'Florence' Is a Heartbreakingly Familiar Story of Everyday Relationships

You don't "do" very much in 'Florence,' but that doesn't make it any less effective.

Patrick Klepek

Patrick Klepek

Image courtesy of Mountains

Games have difficulty conveying the mundane, pitching everything as life or death or the end of the world. But life is full of meaningful experiences whose stakes may seem like small potatoes to an outsider, but to those involved, it is the end of the world. Florence, released on iOS last month and Android tomorrow, is a slice of experimental storytelling that sketches a path for games to broaden the stories they tell.

Florence lays out the story of a relationship in the same amount of time it would take you to watch an episode of a TV show. You're in and out in just over 30 minutes. It wastes no time telling a very specific story about what it’s like to meet someone, fall in love, and deal with the consequences of youth. It doesn’t set up a larger world with big questions to be answered in a cliffhanger. There is a beginning, middle, and end, and when it’s over, it’s over. The story it’s telling isn’t unique in and of itself, but by avoiding wearing out its welcome and wrapping the story in a fresh context, it works.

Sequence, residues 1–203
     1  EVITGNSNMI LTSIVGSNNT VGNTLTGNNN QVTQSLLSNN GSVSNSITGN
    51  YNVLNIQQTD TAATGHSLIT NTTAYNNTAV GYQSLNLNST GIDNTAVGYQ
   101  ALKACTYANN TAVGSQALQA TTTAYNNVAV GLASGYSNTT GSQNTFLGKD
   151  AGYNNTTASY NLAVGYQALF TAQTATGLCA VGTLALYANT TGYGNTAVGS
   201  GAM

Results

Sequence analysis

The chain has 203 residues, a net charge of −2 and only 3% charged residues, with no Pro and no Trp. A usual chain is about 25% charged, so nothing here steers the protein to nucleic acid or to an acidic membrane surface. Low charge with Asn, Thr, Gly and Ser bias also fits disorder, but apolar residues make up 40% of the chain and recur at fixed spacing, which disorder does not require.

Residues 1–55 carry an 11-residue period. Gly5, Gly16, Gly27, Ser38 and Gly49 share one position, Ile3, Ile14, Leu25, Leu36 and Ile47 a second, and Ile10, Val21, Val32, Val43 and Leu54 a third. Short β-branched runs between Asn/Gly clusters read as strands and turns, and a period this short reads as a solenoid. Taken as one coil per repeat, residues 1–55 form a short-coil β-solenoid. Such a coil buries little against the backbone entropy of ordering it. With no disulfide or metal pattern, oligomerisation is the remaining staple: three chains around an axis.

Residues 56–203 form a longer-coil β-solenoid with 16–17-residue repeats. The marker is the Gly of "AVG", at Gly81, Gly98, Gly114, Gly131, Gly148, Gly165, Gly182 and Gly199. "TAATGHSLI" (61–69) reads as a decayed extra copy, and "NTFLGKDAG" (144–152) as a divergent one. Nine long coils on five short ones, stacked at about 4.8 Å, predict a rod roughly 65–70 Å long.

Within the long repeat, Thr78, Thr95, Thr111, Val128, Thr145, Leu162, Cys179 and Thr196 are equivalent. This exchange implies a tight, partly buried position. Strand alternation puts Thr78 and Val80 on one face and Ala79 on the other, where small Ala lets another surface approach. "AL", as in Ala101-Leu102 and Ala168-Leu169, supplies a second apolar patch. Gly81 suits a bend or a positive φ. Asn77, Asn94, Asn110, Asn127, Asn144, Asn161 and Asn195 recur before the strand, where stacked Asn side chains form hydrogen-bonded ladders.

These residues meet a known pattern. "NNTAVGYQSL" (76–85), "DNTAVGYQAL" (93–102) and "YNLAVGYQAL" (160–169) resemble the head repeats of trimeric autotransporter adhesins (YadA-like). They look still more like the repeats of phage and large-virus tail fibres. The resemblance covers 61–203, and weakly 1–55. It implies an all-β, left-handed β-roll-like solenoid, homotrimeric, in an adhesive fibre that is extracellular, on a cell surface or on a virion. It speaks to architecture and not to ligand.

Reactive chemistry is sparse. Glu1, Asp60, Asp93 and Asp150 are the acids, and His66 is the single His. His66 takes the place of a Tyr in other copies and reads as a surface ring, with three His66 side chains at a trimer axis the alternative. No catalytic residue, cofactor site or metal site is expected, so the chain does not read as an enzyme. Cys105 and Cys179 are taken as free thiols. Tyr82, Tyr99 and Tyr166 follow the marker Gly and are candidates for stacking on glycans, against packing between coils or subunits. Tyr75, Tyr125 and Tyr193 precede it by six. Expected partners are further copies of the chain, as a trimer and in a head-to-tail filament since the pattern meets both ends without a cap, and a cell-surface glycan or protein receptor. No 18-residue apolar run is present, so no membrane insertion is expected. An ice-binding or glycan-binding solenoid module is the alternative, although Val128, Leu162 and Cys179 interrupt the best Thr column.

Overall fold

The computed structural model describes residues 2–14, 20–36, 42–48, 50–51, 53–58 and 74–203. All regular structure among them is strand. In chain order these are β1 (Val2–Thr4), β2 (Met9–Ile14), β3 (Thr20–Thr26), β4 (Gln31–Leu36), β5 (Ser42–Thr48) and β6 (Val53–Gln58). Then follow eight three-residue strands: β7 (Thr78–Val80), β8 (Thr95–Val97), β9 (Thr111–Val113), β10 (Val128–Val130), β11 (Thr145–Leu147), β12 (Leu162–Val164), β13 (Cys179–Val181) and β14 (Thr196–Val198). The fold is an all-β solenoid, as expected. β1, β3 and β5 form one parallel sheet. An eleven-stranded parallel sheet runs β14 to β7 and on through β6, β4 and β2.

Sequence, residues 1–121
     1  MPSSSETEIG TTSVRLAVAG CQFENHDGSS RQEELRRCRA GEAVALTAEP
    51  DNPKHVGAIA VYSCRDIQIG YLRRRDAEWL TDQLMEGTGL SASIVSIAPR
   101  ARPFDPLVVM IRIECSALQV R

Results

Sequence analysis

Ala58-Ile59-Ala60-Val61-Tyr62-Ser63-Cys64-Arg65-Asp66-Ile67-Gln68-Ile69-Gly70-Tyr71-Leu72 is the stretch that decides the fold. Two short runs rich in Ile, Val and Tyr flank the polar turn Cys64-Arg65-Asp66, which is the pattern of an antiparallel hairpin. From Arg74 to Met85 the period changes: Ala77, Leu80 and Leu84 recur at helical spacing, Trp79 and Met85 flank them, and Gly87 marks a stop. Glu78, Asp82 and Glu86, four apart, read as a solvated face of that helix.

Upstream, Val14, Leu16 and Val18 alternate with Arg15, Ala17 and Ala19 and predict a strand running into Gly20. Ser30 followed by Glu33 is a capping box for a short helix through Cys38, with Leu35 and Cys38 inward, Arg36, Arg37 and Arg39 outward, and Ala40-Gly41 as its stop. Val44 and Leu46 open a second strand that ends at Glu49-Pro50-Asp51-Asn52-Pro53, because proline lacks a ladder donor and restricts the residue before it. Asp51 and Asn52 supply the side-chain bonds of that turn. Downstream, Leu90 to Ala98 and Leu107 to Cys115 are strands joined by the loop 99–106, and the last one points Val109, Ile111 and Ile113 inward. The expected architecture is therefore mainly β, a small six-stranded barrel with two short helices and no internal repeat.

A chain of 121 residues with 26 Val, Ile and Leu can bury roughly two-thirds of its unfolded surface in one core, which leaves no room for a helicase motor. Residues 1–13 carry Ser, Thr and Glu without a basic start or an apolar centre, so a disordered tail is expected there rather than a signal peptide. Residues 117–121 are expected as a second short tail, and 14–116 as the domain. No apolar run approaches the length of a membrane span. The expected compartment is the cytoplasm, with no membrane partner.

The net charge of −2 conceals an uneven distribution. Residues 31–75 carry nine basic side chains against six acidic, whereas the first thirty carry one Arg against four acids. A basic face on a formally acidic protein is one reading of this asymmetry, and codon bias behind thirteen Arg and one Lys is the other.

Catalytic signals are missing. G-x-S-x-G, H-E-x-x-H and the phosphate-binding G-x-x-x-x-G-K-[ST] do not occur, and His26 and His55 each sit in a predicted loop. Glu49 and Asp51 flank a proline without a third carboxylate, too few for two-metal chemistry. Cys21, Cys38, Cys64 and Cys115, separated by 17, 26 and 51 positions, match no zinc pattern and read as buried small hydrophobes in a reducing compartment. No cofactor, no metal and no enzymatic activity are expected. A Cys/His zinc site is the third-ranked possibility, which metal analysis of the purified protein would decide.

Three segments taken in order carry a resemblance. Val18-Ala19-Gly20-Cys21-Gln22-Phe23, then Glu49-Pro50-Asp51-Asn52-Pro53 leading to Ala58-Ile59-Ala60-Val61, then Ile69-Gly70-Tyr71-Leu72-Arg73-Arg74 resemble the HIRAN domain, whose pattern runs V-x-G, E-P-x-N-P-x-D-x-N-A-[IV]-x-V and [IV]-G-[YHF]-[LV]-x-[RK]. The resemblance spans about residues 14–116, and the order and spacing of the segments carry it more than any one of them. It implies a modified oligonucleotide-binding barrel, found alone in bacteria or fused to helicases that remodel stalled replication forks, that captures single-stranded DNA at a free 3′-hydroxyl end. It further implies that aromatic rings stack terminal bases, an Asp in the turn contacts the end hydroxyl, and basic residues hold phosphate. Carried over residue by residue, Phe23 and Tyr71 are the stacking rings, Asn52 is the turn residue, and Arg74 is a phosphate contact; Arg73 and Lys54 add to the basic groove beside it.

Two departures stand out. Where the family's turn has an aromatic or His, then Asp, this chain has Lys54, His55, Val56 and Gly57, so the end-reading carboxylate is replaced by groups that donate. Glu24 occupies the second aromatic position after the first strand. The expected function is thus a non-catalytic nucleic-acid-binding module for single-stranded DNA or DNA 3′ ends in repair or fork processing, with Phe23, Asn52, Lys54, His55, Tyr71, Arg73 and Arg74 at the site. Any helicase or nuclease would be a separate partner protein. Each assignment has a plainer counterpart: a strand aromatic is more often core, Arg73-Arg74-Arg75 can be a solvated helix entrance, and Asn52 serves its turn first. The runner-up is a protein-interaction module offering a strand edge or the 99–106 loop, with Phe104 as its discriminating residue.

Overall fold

There is no dialogue whatsoever, with Florence entirely relying on effective use of music and sound effects carefully layered between its comic book-like visuals. Besides scrolling from one screen to the next—sometimes up and down, sometimes left to right, sometimes without budging—there are only light interactive elements to play with.

Every time you’re asked to participate, it’s a treat, whether it’s gently shaking photos:

Or scrubbing the screen to reveal what kind of conversation the couple is having:

My favorite bits are when the game tries to rethink what it means to “interact” with a game. One sequence uses puzzle pieces to represent the tone and pace of a conversation between the couple, which the game twists to great and dramatic effect.

You’re an observer in Florence, not a character. The player's role is to move the story along, and in specific instances, called upon to reveal a scene’s deeper meaning, or to engage with the screen in a playful way, heightening the emotional punch.

Nothing that happens in Florence is shocking, but that’s also why it’s so relatable. We can’t understand what it’s like to have the weight of the world on your shoulders, as aliens invade, but a lot of us know what it’s like to watch a relationship become the center of our own worlds. What it’s like to move in with another person, and try to find a place for your stuff amongst their stuff. What it’s like to imagine what life might be like, if the two of you are together together. What it’s like for all that to fall apart.

I dropped into melancholic nostalgia by the end of Florence, as I quietly took inventory of my own past relationships, and how they laid bricks in the road to the present.

I wish more games left me feeling like that, and that’s why Florence is worth your time.

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